Humorous Non-Fiction

By Lisa Scottoline & Francesca Serritella

Humorous Essays Bike

Lisa and her daughter, Francesca Serritella, have teamed up to bring their hilarious and witty perspective on the everyday life as mother and daughter in their weekly essays, which you can find in their latest collection, I've Got Sand in All the Wrong Places. With stories that will have you laughing out loud one minute and tearing up the next, Lisa and Francesca connect with readers on a deeply emotional level because of their honesty, warts and all. And by the time you turn the last page, you will feel like you just found two new best girlfriends. Earlier collections include Does This Beach Make Me Look Fat?, Have a Nice Guilt Trip, Meet Me at Emotional Baggage Claim, Why My Third Husband Will Be a Dog, My Nest Isn't Empty, It Just Has More Closet Space, and Best Friends, Occasional Enemies.

Chick Wit: Barking Up the Wrong Tree

By Francesca Serritella
November 27, 2016


That was the note I found taped to my door one morning.

Who had left it? It was unsigned.

Most puzzling, Pip hadn’t been barking. He’d snoozed soundly in various positions around and on top of my head all night.

So, what was she talking about?

I guessed “she,” because of the loopy script. That, and the passive-aggression of posting an anonymous complaint to my door, instead of slipping it underneath, said “mean girl.”

It’s the girl’s bathroom approach to resolving neighborly conflict.

Obviously, this was a misunderstanding. She’d likely heard a different dog barking, one that would presumably continue barking, while she would continue to falsely accuse mine. But without a signature, I had no way of reaching her to clear it up.

I threw out the note and hoped the problem would sort itself out.

Then a terrifying thought: what if she told the Co-Op board?

Co-Op boards in apartment buildings are like illuminati. No one is sure who they are, but they control everything and rule by fiat. Pip and I both had to interview with a board member to get my apartment. My dog’s politeness is a requirement for living here.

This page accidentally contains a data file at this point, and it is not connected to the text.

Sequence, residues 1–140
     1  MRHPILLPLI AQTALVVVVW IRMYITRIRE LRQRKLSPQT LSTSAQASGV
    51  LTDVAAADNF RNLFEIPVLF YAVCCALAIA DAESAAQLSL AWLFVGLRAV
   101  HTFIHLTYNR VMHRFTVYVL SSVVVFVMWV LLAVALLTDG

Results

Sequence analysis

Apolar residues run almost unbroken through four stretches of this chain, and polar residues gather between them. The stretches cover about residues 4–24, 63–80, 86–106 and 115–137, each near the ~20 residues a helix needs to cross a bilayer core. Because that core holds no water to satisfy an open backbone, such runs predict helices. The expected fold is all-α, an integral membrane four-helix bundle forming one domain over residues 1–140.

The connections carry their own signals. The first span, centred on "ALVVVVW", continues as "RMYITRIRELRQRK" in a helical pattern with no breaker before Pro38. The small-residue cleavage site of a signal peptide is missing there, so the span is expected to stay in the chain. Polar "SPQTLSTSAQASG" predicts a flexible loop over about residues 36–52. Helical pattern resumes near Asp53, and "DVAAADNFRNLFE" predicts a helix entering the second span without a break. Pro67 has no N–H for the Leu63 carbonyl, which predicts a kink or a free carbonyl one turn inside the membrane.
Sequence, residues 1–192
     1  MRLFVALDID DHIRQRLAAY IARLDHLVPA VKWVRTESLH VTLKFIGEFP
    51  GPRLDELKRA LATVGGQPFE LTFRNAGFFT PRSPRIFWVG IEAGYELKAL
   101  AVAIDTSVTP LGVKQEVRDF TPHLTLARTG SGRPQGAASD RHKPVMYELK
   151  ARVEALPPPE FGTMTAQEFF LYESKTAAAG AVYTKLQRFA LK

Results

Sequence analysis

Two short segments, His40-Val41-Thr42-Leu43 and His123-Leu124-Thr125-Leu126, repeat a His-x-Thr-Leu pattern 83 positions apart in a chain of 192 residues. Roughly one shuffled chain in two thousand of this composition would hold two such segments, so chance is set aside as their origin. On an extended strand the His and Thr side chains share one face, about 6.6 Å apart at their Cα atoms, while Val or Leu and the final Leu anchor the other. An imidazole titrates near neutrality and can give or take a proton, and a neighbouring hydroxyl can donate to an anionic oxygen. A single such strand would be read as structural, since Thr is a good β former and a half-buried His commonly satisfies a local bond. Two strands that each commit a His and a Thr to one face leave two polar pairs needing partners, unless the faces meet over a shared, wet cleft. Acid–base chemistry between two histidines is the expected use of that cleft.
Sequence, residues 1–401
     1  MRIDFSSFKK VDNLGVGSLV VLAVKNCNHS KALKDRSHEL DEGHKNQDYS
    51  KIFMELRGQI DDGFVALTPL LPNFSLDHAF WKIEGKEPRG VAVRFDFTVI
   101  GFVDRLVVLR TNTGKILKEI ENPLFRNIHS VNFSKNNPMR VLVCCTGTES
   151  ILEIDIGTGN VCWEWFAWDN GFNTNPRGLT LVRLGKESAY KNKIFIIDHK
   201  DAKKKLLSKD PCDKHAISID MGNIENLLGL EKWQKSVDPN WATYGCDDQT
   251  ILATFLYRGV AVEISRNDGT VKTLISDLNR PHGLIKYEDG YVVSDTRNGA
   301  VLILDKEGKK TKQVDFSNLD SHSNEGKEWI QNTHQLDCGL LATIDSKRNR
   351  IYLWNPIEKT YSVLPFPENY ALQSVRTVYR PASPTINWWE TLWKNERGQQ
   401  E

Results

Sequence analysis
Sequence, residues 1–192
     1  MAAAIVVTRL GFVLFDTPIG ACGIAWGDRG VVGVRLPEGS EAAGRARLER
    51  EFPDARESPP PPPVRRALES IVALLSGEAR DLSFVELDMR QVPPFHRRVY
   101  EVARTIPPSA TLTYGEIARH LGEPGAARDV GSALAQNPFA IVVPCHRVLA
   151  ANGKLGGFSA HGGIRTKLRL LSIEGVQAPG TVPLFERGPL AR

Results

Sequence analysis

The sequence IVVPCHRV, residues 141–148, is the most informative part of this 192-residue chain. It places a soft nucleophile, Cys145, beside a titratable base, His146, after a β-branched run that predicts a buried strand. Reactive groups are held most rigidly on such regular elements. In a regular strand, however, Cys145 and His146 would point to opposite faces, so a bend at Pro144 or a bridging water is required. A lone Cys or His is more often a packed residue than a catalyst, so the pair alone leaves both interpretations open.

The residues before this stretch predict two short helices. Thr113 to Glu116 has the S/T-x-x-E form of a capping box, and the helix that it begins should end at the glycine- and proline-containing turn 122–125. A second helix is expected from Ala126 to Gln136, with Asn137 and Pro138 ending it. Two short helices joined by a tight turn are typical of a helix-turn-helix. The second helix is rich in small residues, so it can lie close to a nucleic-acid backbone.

If he got a reputation for bad behavior, we could be out on the street!

The injustice upset me. Pip is my baby, my angel, my pride and joy. He’s the best-behaved dog I’ve ever had.

He is also the worst watch-dog I have ever had.

He’s almost pure-bred teddy bear with few vestigial dog instincts. He never barks at noises outside, from other apartments, or even direct knocks on my door.

When the Chinese food delivery guy buzzes, he looks at me, like, “You gonna get that?”

In fact, when my old apartment was burglarized, he watched silently as the perps broke my window, robbed me, and left carrying the loot in a Lisa Scottoline promotional tote bag!

If nothing else, he should’ve barked at the irony.

But my then-neighbors reported they didn’t hear a peep.

This was the witness stand testimony I rehearsed in my mind.

I was confident in Pip’s innocence, but the note made me paranoid. I felt guilty.

Over the next week, if he yipped once during playtime, I’d rush to shush him. I feared every neighbor I passed was potentially the one who secretly hated us.

Then, just when we started to get comfortable again, another note:


Gurl, no. You did not just accuse me of being a bad dog mother.

If she meant to intimidate me, it had the opposite effect. I was snapped to attention.

Pip couldn’t speak for himself, so I’d be his defense lawyer. The best defense is a good offense.

A charm offensive.

First, I left a sweet-as-pie reply note on my own door explaining the misunderstanding and leaving my info should she wish to discuss it further.

She didn’t contact me, but I knew the message was received, because the note was ripped from my door, leaving ragged, torn paper behind.

Luckily, I retained a copy for my records.

Second, instead of avoiding my neighbors, I was chatty and solicitous. I held doors, I helped unload groceries, I brought coffee to the doormen. And each time, I was sure to bring up the case of mistaken identity:

“I just feel so sorry I can’t help whoever’s being disturbed, but you know it couldn’t be Pip,” I’d say.

“Oh no, he never barks. He’s such a good boy.”

Speak up, so the jury can hear you.

I called our superintendent myself and said I had a sensitive matter to discuss. He came over, and I recounted, through quavering voice, how upset I was that any neighbor would think me so inconsiderate as to leave threatening notes.

“‘Barking all day?’ My Pip?” I gestured to the dog, who lay flat on the ground. He wagged his tail when I said his name.

He couldn’t have performed better if I’d coached him.

“If all my tenants were as quiet as you and Pip, my job would be easy,” my super said. “Do you have the note?”

Of course I’d preserved the evidence.

He read it. “I think I know who this is. Many problems with this tenant. Don’t worry, I’ll take care of this.”

“Oh, thank you, thank you!” I was relieved. And confident that I wouldn’t hear from my cranky neighbor again.

I never did.

Turns out, the illuminati is me.

Copyright Francesca Serritella 2016